And O Thy servant, Lord, prepare
A strict account to give!

Help me to watch and pray,
And on Thyself rely,
Assured, if I my trust betray,
I shall for ever die.

Filed under: * Christian Life / Church LifeChurch HistoryChurch Year / Liturgical SeasonsHoly WeekLiturgy, Music, Worship* Theology

0 Comments
Posted April 15, 2014 at 4:40 am [Printer Friendly] [Print w/ comments]

Posted by Kendall Harmon

Enjoy all 49 of them.

Filed under: * Christian Life / Church LifeChurch Year / Liturgical SeasonsHoly WeekLiturgy, Music, Worship* Culture-WatchGlobalization* General InterestPhotos/Photography

0 Comments
Posted April 14, 2014 at 4:40 am [Printer Friendly] [Print w/ comments]

Posted by Kendall Harmon

A priest has become the first in Britain to defy the Church of England’s ban on gay clergy marrying.

Canon Jeremy Pemberton, 58, a divorced hospital chaplain, wed his long-term partner Laurence Cunnington, 51, on Saturday afternoon.

Campaigners expressed delight that the couple had taken advantage of Britain’s newly-introduced gay marriage laws and urged bishops to “bless” their partnership. They predict he will be the first of many gay clergy to marry.

Read it all.

Filed under: * Anglican - EpiscopalAnglican ProvincesChurch of England (CoE)CoE Bishops* Christian Life / Church LifeLiturgy, Music, WorshipParish MinistryMinistry of the Ordained* Culture-WatchLaw & Legal IssuesMarriage & FamilySexuality--Civil Unions & Partnerships

2 Comments
Posted April 13, 2014 at 12:15 pm [Printer Friendly] [Print w/ comments]

Posted by Kendall Harmon

An Anglican hospital chaplain has become what is believed to be the first member of the clergy in Britain to have a gay marriage.

Canon Jeremy Pemberton is a chaplain at Lincoln Hospital and has Permission to Officiate and leads occasional services in Nottinghamshire.

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Filed under: * Anglican - EpiscopalAnglican ProvincesChurch of England (CoE)* Christian Life / Church LifeLiturgy, Music, WorshipParish MinistryMinistry of the Ordained* Culture-WatchLaw & Legal IssuesMarriage & FamilySexuality--Civil Unions & Partnerships* International News & CommentaryEngland / UK* TheologyAnthropologyEthics / Moral TheologyPastoral TheologyTheology: Scripture

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Posted April 13, 2014 at 12:02 pm [Printer Friendly] [Print w/ comments]

Posted by Kendall Harmon

Composer Gregorio Allegri's "Miserere" is a piece of choral music so powerful that a 17th-century pope decreed it could be played only during the week leading to Easter — and then only in the Sistine Chapel. Jesse Kornbluth of HeadButler.com talks about the "Miserere" with Jacki Lyden.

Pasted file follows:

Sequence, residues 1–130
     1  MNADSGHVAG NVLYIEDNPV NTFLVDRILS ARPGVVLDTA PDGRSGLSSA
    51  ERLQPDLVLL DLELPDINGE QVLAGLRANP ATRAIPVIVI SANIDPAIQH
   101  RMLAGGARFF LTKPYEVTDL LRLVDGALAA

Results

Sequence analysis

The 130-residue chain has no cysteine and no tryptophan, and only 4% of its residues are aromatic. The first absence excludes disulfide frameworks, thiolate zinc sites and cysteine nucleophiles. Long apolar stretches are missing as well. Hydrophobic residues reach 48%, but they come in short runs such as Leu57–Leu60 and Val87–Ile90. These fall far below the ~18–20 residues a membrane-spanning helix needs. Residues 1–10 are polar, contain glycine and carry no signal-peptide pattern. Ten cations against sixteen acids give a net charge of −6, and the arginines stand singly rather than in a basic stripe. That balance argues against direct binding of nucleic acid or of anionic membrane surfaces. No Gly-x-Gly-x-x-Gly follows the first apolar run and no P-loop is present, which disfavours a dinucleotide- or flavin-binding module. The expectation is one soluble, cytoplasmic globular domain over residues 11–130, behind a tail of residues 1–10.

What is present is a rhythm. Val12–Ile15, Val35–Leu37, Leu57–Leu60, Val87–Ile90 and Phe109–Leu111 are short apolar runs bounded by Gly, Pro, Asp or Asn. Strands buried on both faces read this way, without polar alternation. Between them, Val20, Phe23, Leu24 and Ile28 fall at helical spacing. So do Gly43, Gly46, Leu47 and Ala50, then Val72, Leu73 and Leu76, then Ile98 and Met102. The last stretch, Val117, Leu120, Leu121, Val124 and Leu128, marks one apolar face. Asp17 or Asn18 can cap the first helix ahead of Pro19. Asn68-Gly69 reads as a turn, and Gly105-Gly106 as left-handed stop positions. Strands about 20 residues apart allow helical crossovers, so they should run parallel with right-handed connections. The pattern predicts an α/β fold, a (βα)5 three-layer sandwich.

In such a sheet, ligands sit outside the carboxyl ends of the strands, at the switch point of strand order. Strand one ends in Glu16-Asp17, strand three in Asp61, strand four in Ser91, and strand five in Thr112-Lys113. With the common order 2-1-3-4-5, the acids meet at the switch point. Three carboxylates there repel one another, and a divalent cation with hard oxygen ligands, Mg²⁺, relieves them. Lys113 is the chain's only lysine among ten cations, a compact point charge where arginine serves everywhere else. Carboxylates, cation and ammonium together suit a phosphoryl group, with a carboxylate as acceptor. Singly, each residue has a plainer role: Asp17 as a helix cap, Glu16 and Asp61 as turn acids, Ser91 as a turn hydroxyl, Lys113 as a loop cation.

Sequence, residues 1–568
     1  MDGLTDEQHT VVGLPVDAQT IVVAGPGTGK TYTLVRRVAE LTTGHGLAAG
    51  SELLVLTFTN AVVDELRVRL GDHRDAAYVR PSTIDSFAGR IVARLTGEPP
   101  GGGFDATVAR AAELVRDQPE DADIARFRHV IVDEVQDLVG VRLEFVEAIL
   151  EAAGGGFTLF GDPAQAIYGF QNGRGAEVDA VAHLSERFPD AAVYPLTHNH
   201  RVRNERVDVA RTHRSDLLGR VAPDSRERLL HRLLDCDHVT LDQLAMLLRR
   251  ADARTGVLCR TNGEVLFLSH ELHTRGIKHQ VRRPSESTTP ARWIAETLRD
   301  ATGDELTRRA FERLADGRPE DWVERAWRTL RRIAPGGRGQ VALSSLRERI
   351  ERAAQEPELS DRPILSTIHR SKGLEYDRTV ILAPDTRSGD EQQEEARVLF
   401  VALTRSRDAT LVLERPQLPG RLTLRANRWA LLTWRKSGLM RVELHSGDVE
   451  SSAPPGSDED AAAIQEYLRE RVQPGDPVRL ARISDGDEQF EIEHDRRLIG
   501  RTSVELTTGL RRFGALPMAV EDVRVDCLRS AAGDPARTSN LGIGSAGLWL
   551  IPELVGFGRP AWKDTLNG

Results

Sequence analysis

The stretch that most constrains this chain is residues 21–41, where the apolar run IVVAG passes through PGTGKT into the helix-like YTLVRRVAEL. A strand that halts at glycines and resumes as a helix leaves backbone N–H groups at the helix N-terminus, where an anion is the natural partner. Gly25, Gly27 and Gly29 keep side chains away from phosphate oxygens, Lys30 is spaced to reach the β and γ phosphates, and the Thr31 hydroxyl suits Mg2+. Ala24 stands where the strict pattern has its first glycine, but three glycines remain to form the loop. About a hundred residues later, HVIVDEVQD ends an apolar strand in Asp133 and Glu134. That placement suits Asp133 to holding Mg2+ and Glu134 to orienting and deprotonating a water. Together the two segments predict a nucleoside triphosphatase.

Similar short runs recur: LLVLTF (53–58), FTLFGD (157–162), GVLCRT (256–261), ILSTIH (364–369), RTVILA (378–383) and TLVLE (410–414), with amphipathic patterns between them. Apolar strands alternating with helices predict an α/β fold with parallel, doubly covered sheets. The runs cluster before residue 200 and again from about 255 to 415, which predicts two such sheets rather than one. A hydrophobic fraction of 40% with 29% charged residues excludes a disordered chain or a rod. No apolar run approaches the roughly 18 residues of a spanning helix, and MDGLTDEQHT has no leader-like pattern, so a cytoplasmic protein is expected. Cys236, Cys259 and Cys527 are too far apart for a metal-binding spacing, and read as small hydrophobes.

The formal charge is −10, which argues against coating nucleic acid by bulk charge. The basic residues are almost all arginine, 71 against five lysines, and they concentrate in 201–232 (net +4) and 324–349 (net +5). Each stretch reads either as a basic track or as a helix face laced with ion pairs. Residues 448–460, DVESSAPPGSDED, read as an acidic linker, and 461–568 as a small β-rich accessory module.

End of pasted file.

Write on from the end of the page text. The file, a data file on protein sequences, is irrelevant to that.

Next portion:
Listen to it all from NPR and make sure to click the link and listen to the piece from the Westminster Abbey Choir

Filed under: * Christian Life / Church LifeChurch Year / Liturgical SeasonsHoly WeekLiturgy, Music, Worship

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Posted April 13, 2014 at 5:00 am [Printer Friendly] [Print w/ comments]

Posted by Kendall Harmon

Bradley Touchstone, the architect for the building, called the project “amazingly complex.”

“We did a tremendous amount of work with the congregation to understand very clearly what their goals were, what kind of worship space they wanted to create and what sort of tradition they wanted to build into this church,” he said.

Touchstone said the building will be able to seat between 700 and 1,000 people.

“We’ve taken less than two years to complete this building, which is an enormously aggressive schedule,” he said. “Childers Construction has done a fantastic job. They hit the ground running and were able to mobilize tremendous manpower to get this done in less than two years.”

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Filed under: * Anglican - EpiscopalAnglican Church in North America (ACNA)* Christian Life / Church LifeLiturgy, Music, WorshipParish MinistryStewardship* Culture-WatchReligion & Culture

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Posted April 10, 2014 at 8:00 am [Printer Friendly] [Print w/ comments]

Posted by Kendall Harmon

The Book of Common Prayer is nearly 500 years old. Does it still make a difference for how we worship today?

I suppose that would depend on who you mean by "we"—there are millions of Christians worshipping in ways unaffected by the BCP, except insofar as they share common roots in Jewish and early Christian worship. But the reach of the BCP is more extensive than one might think. It has relatively direct connections to Methodist and Lutheran worship. And the liturgical scholarship that, in the early 20th century, went into possible revisions of the Church of England's 1662 book eventually made its way not only into modern Anglican prayer books but even had an influence on liturgical developments in the Roman Catholic Church, especially when vernacular Masses were approved at Vatican II.